|10||Slight bubbling No change in temperature on test tube|
Graph 1: Showcases the results of the oxygen gas produced over a period of 300s as a result of the enzyme being located in an environment of pH 7.
Graph 2: Showcases the results of the oxygen gas produced over a period of 300s as a result of the enzyme being located in an environment of pH 4.
Graph 3: Showcases the results of the oxygen gas produced over a period of 300s as a result of the enzyme being located in an environment of pH 10
Graph 4: Showcases the difference in kPA and pH as it increases.
Table 4, pH of the solution vs kPA for the other group’s data collection that also tested with pH.
Graph 5: Showcases the pH of the solution vs kPA data collected by the other group that also tested with pH.
The purpose of this lab is to explore the effects pH has on a reaction rate of beef liver and how it affects the production of oxygen gas. Catalase, an enzyme found in the liver, plays a crucial role in maintaining homeostasis by facilitating the breakdown of hydrogen peroxide into water and oxygen. It was hypothesized that the rate of reaction would slow down if the pH was at any other level than its optimal pH level. If the pH increases or decreases beyond 7 (the optimal pH level for the enzyme catalyze), the reaction will slow down.
The catalysis pH lab with beef liver aims to investigate the effect of pH on the catalytic activity of beef liver. In this experiment, beef liver is used as the catalyst to decompose hydrogen peroxide. The results show that the catalytic activity of beef liver is highly dependent on pH. The reaction rate is found to be highest at pH 7, which is the optimal pH range for the catalyzed reaction. At higher or lower pH values, the reaction rate decreases significantly, indicating that the catalytic activity is inhibited by changes in pH.
Furthermore, the experiment demonstrates the importance of buffer systems in maintaining a constant pH, which is essential for accurate measurements and consistent results. The use of buffer solutions ensures that the pH of the reaction mixture remains stable, allowing for a more precise determination of the optimal pH range for the catalyzed reaction. Overall, the catalysis pH lab with beef liver provides valuable insights into the effect of pH on catalytic activity, which is important for understanding the mechanism of enzyme-catalyzed reactions and optimizing catalytic processes in various fields.
The reaction rate was significantly slower at pH 4 and 10 compared to pH 7, as evidenced by the lower amount of gas bubbles produced. No heat was felt in the test tubes, indicating that the hydrogen and oxygen bonds in hydrogen peroxide were being broken down slower due to the denaturation of the enzyme. Enzymes can denature, or lose their three-dimensional shape and functionality, due to factors such as high temperature, extreme pH levels, or chemicals that disrupt the enzyme’s structure.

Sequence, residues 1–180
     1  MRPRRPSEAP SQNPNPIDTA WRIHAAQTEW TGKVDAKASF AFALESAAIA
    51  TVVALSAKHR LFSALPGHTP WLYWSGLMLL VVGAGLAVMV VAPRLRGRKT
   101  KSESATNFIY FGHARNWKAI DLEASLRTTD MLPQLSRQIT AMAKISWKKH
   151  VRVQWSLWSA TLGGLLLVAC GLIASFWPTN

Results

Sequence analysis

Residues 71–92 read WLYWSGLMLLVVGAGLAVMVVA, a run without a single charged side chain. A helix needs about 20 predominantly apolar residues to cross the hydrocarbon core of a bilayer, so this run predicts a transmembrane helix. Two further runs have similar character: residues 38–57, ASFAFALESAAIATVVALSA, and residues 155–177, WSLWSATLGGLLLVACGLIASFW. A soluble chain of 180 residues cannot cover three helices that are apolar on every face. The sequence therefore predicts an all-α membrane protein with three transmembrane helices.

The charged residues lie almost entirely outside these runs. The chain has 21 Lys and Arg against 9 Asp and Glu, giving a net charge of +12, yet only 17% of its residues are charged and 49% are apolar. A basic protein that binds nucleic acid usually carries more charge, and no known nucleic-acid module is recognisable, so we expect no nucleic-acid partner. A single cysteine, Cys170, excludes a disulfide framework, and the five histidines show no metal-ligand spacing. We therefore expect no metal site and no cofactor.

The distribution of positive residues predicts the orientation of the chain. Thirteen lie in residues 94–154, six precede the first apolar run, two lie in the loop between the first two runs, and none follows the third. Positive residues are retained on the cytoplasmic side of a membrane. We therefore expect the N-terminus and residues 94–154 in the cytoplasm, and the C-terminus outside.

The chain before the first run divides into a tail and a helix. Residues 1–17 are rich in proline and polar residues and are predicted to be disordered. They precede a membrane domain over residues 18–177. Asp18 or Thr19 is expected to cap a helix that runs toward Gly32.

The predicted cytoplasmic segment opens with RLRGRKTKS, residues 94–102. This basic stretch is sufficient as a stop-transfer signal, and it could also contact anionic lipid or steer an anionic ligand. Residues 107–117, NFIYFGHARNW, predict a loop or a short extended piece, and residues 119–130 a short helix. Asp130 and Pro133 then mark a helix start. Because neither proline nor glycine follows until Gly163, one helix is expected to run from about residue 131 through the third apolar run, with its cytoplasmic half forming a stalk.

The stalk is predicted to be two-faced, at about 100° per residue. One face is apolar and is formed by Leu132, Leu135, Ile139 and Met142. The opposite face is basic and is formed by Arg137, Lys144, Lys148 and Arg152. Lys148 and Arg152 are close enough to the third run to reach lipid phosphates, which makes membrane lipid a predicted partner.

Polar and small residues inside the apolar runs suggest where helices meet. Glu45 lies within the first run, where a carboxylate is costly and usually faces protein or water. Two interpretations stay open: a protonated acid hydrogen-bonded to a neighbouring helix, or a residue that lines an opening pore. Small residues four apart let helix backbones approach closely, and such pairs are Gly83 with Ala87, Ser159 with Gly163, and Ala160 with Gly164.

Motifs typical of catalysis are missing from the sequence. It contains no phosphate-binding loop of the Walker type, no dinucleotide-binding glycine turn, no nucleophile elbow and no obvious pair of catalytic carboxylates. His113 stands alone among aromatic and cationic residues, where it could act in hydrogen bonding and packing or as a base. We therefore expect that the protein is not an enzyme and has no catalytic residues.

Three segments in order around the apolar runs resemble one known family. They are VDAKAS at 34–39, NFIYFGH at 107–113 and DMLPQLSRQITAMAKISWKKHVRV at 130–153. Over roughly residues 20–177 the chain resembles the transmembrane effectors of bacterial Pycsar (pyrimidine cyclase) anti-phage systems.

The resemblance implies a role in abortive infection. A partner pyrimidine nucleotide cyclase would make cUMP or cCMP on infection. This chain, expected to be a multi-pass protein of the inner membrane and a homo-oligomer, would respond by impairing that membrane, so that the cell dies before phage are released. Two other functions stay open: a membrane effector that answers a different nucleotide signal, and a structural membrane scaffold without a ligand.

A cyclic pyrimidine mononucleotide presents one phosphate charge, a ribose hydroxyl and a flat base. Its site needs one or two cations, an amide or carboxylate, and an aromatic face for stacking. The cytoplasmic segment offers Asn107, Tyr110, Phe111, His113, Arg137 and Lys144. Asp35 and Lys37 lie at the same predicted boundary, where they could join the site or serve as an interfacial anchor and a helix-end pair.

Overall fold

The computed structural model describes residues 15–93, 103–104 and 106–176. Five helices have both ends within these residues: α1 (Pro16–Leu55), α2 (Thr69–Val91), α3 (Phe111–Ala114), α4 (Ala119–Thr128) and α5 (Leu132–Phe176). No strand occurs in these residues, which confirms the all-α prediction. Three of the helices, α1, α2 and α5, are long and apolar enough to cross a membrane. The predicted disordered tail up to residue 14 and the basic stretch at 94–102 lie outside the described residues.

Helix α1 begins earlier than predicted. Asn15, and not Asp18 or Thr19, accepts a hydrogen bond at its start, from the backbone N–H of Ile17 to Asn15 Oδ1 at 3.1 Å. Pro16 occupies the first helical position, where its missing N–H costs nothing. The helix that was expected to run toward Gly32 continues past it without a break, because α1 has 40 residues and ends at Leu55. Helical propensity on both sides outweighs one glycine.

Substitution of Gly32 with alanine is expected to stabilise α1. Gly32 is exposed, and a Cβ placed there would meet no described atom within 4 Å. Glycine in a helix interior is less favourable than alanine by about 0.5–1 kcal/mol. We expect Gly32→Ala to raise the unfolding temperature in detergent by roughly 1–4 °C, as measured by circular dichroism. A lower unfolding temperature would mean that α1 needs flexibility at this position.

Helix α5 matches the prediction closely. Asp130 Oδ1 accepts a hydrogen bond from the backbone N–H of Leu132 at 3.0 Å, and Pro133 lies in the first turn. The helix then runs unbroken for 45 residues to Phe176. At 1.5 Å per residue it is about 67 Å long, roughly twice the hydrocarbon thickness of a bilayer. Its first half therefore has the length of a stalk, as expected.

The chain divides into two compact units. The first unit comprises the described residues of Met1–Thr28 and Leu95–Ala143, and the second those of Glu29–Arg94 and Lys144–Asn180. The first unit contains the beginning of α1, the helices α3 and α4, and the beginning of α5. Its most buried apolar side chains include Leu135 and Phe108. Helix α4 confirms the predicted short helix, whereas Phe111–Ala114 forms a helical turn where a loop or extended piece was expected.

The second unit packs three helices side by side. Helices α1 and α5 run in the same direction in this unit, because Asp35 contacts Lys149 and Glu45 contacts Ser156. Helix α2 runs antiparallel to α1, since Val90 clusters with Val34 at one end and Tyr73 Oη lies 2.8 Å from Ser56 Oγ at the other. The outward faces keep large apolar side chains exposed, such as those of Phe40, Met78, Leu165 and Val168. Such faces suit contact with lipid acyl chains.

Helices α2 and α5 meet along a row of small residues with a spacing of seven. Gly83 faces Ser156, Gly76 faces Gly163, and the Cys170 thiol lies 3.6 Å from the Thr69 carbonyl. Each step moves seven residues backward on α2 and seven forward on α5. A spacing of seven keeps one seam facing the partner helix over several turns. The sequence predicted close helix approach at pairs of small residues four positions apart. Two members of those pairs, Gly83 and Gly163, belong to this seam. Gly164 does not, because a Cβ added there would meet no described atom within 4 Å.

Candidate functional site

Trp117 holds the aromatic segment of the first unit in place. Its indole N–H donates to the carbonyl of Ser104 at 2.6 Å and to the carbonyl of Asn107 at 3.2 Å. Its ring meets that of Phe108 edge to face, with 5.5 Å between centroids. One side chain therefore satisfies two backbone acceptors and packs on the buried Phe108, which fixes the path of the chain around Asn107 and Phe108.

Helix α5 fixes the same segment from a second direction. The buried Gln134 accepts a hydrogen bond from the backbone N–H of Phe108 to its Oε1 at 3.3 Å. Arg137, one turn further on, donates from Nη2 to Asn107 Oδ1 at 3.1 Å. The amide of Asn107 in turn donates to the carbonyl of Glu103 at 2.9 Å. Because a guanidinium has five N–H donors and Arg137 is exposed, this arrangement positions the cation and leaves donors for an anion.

When enzymes are subjected to high temperature or extreme pH levels, the bonds holding the enzyme’s tertiary and secondary structures together break, causing the enzyme to unravel and lose its shape. This loss of shape results in the enzyme’s active site becoming distorted, impairing the enzyme’s ability to bind to its substrate and catalyze chemical reactions.
pH is a crucial factor affecting an enzyme’s shape and functionality because enzymes are proteins with specific three-dimensional structures essential for their catalytic activity. The shape of an enzyme’s active site, which is the part of the enzyme that binds to the substrate, is crucial for its functionality, as it determines the specificity of the enzyme-substrate interaction.
At the wrong pH, the enzyme’s active site can become distorted, which alters its shape, preventing the substrate from binding to it. This leads to a malfunctioning enzyme that is unable to catalyze the reaction and lower the activation energy required for the reaction to occur. The enzyme’s shape can be altered due to excess H+ or OH- ions, which disrupt the hydrogen bonds and ionic interactions that hold the enzyme’s three-dimensional structure together.
The experiment showed that at pH 7, the catalase enzyme quickly facilitated hydrogen peroxide breakdown, as evidenced by the rapid production of gas bubbles in the test tube. The breakdown process also generated heat due to breaking high-energy bonds between hydrogen and oxygen. The quantitative data collected further supported the hypothesis, showing that more oxygen was produced in the pH 7 experiment. Comparing the slopes of Graph 1 to Graphs 2 and 3, it can be concluded that pH changes significantly affect the enzyme’s functionality.